Jewish Histories in Multiethnic Boyle HeightsMain MenuIntroduction: Urban Space and the Making of a NeighborhoodMapping Jewish Histories in Boyle HeightsTimeline: Intersecting Histories in Boyle HeightsHinda and Jacob Schonfeld Digital ArchiveAbout This ExhibitCaroline Luce15876dd2f73462af784ac961ee54f3b5170890ceUCLA Alan D. Leve Center for Jewish Studies www.levecenter.ucla.edu
Mapping/Listening to Boyle Heights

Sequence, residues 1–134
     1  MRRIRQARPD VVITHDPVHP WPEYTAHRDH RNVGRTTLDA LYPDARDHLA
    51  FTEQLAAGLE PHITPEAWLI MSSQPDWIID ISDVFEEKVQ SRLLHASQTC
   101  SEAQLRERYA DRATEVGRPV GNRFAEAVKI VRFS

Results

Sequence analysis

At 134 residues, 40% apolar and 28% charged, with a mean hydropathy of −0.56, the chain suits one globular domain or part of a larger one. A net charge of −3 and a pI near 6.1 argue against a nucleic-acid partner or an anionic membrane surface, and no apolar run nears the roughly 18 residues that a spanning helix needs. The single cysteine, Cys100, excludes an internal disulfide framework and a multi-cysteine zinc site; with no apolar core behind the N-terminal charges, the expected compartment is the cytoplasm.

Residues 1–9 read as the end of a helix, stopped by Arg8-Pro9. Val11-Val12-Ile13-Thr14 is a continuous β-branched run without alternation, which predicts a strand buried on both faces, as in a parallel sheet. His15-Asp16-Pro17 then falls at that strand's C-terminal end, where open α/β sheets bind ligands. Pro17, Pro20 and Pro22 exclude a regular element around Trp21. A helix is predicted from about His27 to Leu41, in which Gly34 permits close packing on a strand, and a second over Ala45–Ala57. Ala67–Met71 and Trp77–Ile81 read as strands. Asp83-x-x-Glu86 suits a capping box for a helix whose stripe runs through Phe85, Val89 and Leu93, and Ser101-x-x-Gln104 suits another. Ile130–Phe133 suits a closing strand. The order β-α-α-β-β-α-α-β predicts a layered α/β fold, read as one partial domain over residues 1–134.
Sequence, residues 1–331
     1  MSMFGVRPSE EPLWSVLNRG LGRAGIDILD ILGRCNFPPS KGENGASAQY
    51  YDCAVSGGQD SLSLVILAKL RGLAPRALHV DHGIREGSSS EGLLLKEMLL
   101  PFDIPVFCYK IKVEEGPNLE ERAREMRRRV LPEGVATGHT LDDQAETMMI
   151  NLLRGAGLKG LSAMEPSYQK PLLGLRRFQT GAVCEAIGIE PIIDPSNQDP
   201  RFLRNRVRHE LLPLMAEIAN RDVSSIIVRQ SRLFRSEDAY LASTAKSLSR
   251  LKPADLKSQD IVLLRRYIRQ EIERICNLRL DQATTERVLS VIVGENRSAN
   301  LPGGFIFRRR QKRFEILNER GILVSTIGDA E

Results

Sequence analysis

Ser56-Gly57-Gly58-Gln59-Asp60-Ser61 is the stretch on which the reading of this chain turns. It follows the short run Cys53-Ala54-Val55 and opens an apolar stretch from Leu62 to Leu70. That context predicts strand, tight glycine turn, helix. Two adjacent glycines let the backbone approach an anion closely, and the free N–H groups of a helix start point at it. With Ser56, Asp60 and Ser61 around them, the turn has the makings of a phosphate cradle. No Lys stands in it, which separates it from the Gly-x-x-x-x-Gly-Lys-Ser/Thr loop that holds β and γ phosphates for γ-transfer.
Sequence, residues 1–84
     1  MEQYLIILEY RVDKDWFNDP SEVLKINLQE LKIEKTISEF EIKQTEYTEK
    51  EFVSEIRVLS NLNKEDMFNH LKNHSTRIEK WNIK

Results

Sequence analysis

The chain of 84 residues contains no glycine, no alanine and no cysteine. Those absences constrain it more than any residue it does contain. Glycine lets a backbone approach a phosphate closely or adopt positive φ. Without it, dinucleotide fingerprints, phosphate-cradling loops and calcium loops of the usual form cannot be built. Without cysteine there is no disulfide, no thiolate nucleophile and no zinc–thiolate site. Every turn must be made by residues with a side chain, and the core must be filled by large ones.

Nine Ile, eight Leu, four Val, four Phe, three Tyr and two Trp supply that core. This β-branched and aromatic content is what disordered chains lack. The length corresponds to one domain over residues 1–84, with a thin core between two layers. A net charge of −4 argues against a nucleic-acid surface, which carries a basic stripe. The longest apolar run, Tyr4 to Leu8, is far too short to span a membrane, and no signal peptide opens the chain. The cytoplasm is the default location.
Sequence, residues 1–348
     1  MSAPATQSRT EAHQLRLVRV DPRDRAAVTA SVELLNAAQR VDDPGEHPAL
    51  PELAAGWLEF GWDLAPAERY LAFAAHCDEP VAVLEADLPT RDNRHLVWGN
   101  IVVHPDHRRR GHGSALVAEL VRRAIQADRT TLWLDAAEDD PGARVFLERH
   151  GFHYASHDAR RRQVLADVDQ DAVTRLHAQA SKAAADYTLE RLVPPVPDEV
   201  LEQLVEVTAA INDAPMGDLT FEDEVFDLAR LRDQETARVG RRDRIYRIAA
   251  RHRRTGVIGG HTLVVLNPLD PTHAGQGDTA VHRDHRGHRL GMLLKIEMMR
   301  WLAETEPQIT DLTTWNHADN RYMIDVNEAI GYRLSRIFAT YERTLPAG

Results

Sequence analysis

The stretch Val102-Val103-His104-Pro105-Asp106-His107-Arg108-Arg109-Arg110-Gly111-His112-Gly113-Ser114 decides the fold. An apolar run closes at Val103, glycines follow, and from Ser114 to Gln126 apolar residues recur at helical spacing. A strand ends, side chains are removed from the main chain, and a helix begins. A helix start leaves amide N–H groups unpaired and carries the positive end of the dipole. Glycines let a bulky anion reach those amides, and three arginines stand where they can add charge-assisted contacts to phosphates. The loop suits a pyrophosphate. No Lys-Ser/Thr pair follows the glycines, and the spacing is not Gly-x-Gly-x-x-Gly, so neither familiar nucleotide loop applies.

12018-03-22T19:55:41-07:00Caroline Luce15876dd2f73462af784ac961ee54f3b5170890ce2263Created by Albert Kochaphum, sound by Jonathan Banfillplain2021-04-14T13:08:28-07:00Caroline Luce15876dd2f73462af784ac961ee54f3b5170890ceCreated by Albert Kochaphum using historical maps and archival images, this video captures the ways that Boyle Heights' physical geography has shifted since the 19th century. As such, it reveals that in Boyle Heights—like so many urban spaces—the golden dreams of generations of immigrant residents have collided with the ambitions of developers, city planners, business leaders, and transit authorities, shaping and reshaping the neighborhood's identity and landscape. The sound recording included was created by Jonathan Banfill, who recorded a continuous walk on Cesar Chavez from Evergreen Cemetery to the Golden State Freeway, May 1, 2016.